Schneck Medical Center works to catch lung cancer earlier and help save lives


During the month of October, breast cancer gets a lot of attention, but it’s not the most prevalent type of cancer being treated locally.

Lung cancer continues to be the most frequently seen cancer at Schneck Medical Center, according to the Seymour hospital’s 2018 Annual Cancer Program Report.

Schneck reported 66 cases of lung cancer in patients in 2017, which is the most current data available. Breast cancer came in second with 56 cases, and colon cancer followed with 30 cases.

Total, there were 335 cases of cancer treated by the hospital in 2017 with most patients coming from Jackson and Jennings counties.

The first time lung cancer surpassed breast cancer as the most diagnosed cancer at Schneck was 2013.

Kristin Hines, director of cancer and palliative care services, said the reason lung cancer continues to rank the highest is because of the number of smokers in the area.

“There’s a lot of smokers in Jackson County,” Hines said.

The county smoking rate stands at 18% of the population. Jennings and Washington counties are at 19%, and Scott County is 20%.

Indiana’s smoking rate is 21.8%, which is higher than the national rate of 17.1%, according to the United Health Foundation’s America’s Health Rankings.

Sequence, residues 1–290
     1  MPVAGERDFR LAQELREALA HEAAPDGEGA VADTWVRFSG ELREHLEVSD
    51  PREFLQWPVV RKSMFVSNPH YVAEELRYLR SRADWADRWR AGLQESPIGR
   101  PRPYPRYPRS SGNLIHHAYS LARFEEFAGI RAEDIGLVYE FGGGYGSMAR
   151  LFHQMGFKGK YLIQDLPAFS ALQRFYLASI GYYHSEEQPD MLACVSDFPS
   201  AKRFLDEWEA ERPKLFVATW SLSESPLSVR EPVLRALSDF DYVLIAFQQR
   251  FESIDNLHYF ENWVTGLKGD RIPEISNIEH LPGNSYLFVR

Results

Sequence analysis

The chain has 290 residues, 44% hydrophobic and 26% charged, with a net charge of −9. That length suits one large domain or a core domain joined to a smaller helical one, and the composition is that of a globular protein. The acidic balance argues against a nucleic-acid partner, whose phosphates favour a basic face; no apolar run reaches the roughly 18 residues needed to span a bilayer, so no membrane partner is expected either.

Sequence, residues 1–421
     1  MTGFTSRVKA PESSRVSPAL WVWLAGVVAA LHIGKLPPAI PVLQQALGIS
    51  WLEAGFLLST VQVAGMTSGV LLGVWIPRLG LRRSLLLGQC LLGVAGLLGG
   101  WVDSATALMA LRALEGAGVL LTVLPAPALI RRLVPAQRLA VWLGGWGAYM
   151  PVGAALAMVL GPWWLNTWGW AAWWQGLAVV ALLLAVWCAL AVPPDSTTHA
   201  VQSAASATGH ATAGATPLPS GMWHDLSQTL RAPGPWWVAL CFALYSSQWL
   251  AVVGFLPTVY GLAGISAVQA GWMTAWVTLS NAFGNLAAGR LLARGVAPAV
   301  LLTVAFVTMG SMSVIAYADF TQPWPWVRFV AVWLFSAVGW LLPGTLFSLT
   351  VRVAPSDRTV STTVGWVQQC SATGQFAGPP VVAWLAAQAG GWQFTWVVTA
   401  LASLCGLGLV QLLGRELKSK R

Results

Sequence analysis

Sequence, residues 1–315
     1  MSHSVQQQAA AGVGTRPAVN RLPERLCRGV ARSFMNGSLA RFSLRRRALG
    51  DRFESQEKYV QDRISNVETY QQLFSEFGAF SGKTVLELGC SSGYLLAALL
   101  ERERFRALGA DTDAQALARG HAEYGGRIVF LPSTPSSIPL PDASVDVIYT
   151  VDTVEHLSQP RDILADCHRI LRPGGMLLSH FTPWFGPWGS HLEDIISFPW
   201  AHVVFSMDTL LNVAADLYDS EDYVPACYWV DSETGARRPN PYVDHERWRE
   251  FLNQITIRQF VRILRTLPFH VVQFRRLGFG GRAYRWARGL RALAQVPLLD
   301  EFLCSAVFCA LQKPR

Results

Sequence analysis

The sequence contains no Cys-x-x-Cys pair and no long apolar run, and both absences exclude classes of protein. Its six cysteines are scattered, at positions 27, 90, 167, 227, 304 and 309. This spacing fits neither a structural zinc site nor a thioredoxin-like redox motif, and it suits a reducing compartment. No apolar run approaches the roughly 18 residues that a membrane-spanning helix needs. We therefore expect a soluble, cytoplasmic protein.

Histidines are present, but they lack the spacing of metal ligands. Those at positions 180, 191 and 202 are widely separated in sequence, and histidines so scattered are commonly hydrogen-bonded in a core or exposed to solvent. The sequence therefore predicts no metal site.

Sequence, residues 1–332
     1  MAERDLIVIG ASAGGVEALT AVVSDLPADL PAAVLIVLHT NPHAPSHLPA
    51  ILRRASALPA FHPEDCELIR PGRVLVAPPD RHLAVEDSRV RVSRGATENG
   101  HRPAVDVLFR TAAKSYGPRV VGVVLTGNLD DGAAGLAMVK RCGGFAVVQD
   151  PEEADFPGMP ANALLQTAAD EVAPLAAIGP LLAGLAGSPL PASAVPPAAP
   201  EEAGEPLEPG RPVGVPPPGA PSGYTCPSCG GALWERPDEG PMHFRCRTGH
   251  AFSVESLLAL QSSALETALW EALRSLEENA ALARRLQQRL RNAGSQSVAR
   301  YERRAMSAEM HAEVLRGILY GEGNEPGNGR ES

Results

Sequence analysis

In an effort to catch lung cancer earlier in patients and help save lives, the hospital has made it a goal to increase the number of people receiving low-dose CT (computed tomography) lung screenings.

To do that, Schneck has cut the cost of the exam in half, now offering it for $25.

“We worked with the company that reads them and also our radiologist group to get that price decrease,” Hines said. “That way, people are more likely to consider it. I think it has made a big difference.”

The screening, performed by Schneck’s radiology department, is quick, noninvasive and does not require a doctor’s referral or an appointment, she said.

“You can just walk in and have it done,” she said. “You don’t even have to call, and you will know if it’s positive or negative.”

Schneck in partnership with the Jackson County Health Department offers free smoking cessation classes. The group meets every Thursday in the Women’s Center reception area from 6 to 7 p.m. The health department offers free nicotine patches to participants who attend the sessions.

In the past, there was a lack of follow-up with screening results, but that has changed, Hines said.

If the screening comes back positive, then staff members reach out to the patient to help them take the next steps.

“We make sure we’re doing the right thing for the patient,” she said. “So we call them and ask if they are getting treatment and the appropriate care. We can do screenings all day long, but if we aren’t following through, then it’s pointless.”

People who are considered high risk for developing lung cancer are eligible for the screening. That includes men and women age 55 to 74 who have smoked at least one pack of cigarettes a day for 30 years or two packs a day for 15 years and continue to smoke or quit less than 15 years ago.